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Publication numberUS20020189237 A1
Publication typeApplication
Application numberUS 09/884,752
Publication dateDec 19, 2002
Filing dateJun 19, 2001
Priority dateJun 19, 2001
Also published asDE10226456A1, DE10226456B4, US6912842
Publication number09884752, 884752, US 2002/0189237 A1, US 2002/189237 A1, US 20020189237 A1, US 20020189237A1, US 2002189237 A1, US 2002189237A1, US-A1-20020189237, US-A1-2002189237, US2002/0189237A1, US2002/189237A1, US20020189237 A1, US20020189237A1, US2002189237 A1, US2002189237A1
InventorsDavid Bidner, Grant Ingram, Gopichandra Surnilla
Original AssigneeBidner David Karl, Ingram Grant Alan, Gopichandra Surnilla
Export CitationBiBTeX, EndNote, RefMan
External Links: USPTO, USPTO Assignment, Espacenet
Oxygen storage capacity estimation
US 20020189237 A1
Abstract
A more precise method for determining the oxygen storage capacity of an exhaust gas aftertreatment device is presented. The most accurate capacity estimate is obtained while the engine is idling or during low load operation. The capacity is determined by integrating the output of an oxygen sensor located downstream of the device during a period of time that it takes to store more than a predetermined amount of oxygen in the device. The overall LNT efficiency can then be inferred from its oxygen storage capacity. This method allows for improved emission control and fuel economy.
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Claims(20)
1. A method for monitoring an efficiency of an exhaust gas aftertreatment device disposed in an exhaust passage of an internal combustion engine, the method comprising:
providing an indication of low space velocity; in response to said indication, purging stored exhaust gas components from the device by operating the engine at an air-fuel ratio rich of stoichiometry;
subsequently operating the engine at an air-fuel ratio lean of stoichiometry thereby causing said exhaust gas components to be stored in the device; and
calculating an amount of said stored exhaust gas component stored in the device as a result of said lean operation.
2. The method as set forth in claim 1, wherein the exhaust gas aftertreatment device is a three-way catalyst.
3. The method cited in claim 1, further comprising a sensor coupled downstream of the exhaust gas aftertreatment device.
4. The method cited in claim 3, wherein the sensor is an exhaust gas sensor.
5. The method cited in claim 4, wherein the exhaust gas sensor is an oxygen sensor.
6. The method cited in claim 1, wherein said exhaust gas component is oxygen.
7. The method cited in claim 1, further comprising performing a sulfur purge if said stored exhaust gas component amount is below a preselected value.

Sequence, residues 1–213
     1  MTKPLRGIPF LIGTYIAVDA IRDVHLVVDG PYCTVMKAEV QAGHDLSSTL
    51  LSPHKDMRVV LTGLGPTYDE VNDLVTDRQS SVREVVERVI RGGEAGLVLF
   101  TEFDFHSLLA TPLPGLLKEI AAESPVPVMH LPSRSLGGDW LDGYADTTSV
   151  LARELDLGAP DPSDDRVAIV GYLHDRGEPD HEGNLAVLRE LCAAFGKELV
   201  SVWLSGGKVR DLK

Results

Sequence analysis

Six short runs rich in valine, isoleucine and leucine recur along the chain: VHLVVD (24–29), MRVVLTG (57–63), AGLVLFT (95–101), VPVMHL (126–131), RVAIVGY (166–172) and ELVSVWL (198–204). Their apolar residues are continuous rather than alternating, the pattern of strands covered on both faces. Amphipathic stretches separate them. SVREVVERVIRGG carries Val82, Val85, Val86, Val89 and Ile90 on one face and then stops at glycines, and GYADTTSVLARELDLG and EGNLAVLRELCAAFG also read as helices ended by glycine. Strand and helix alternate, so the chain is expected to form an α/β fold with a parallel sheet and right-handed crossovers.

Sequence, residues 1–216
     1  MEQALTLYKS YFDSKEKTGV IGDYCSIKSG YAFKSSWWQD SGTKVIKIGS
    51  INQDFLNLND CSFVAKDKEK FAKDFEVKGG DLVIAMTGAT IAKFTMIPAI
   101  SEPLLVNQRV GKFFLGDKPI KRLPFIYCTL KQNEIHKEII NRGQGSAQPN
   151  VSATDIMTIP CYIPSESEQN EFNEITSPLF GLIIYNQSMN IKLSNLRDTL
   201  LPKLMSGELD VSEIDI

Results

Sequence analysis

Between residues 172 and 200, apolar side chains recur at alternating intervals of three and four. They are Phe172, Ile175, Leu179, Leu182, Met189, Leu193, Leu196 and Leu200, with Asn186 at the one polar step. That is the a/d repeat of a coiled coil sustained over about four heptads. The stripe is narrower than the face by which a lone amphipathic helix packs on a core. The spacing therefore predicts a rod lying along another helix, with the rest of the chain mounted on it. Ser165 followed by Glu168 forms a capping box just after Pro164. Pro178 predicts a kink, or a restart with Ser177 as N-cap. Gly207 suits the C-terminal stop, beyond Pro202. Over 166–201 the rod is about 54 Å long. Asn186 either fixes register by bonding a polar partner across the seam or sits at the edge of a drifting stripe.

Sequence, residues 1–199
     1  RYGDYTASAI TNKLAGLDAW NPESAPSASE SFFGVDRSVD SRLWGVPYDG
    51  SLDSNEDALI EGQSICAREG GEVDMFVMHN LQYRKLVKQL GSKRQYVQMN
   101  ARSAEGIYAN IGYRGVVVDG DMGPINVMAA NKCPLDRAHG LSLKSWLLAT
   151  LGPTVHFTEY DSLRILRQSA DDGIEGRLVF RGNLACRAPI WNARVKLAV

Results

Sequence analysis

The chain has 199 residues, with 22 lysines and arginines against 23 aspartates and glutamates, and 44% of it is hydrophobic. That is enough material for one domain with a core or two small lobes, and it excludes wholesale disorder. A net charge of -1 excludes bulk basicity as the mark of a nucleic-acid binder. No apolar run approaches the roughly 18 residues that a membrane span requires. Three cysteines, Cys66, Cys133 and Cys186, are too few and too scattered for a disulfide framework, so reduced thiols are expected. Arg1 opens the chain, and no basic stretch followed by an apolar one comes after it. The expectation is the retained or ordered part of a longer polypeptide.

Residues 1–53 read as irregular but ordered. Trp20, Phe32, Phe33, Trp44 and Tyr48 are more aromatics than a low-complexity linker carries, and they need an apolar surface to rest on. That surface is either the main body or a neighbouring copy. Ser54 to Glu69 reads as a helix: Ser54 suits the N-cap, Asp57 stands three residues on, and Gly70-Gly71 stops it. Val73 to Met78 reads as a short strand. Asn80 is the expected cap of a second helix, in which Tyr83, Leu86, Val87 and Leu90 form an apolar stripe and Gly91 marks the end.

8. The method cited in claim 3, wherein said lean operation continues until an exhaust gas sensor output reaches a predetermined value.
9. A method for monitoring a capacity of an exhaust gas aftertreatment device disposed in an exhaust passage of an internal combustion engine, the device having a sensor coupled downstream of it, the method comprising:
providing a first indication of low space velocity;
providing a second indication of a device condition;
in response to said first and said second indication operating the engine at an air-fuel ratio lean of stoichiometric until the sensor output reaches a predetermined value; and
calculating an amount of an exhaust gas component stored in the device as a result of said lean operation.
10. The method as set forth in claim 9, wherein said second indication is provided when said amount of said stored exhaust gas component stored in the device is below a preselected value.
11. The method cited in claim 9, wherein said exhaust gas component is oxygen.
12. The method cited in claim 9, wherein the sensor is an exhaust gas sensor.
13. The method cited in claim 9, wherein said exhaust gas sensor is an oxygen sensor.
14. The method as set forth in claim 9, wherein said second indication occurs when said exhaust sensor output is at a preselected value lean of stoichiometry.
15. The method cited in claim 9, wherein the exhaust component storage device is a three-way catalyst.
16. The method as set forth in claim 9, further comprising performing a sulfur purge when said calculated amount of said stored exhaust component is below a predetermined value.
17. A system for monitoring storage capacity of an exhaust gas aftertreatment device disposed in an exhaust passage of an internal combustion engine, the system comprising:
a sensor coupled downstream of the device; and
a controller for providing an indication of low space velocity, in response to said indication purging the device of a stored exhaust gas component by operating the engine at an air-fuel ratio rich of stoichiometry, said controller subsequently operating the engine at an air-fuel ratio lean of stoichiometry until said output of said sensor is reading a value lean of stoichiometry, and for calculating an amount of an exhaust gas component stored in the device as a result of said lean operation.
18. The system as set forth in claim 17, wherein said sensor is an oxygen sensor.
19. The system as set forth in claim 17, wherein said exhaust gas component is oxygen.
20. The system cited in claim 19, wherein said controller further performs a sulfur purge of the device is said calculated amount of stored oxygen is below a predetermined value.
Description
    FIELD OF INVENTION
  • [0001]
    The present invention relates to a system and a method for estimating an efficiency of an exhaust gas aftertreatment device, and more particularly, to estimating oxidant storage capacity of a Lean NOx Trap coupled downstream of an internal combustion engine.
  • BACKGROUND OF THE INVENTION
  • [0002]
    Internal combustion engines are typically coupled to an emission control device known as a three-way catalytic converter (TWC) designed to reduce combustion by-products such as carbon monoxide (CO), hydrocarbon (HC) and oxides of nitrogen (NOx). Engines can operate at air-fuel mixture ratios lean of stoichiometry, thus improving fuel economy. For lean engine operation, an additional three-way catalyst commonly referred to as a Lean NOx Trap, is usually coupled downstream of the three way catalytic converter. The LNT stores exhaust gas components such as oxidants, i.e., NOx and oxygen, when the engine is operating at a lean air-fuel ratio, and releases and reduces (purges) them when the engine is operating at a rich or stoic air-fuel ratio.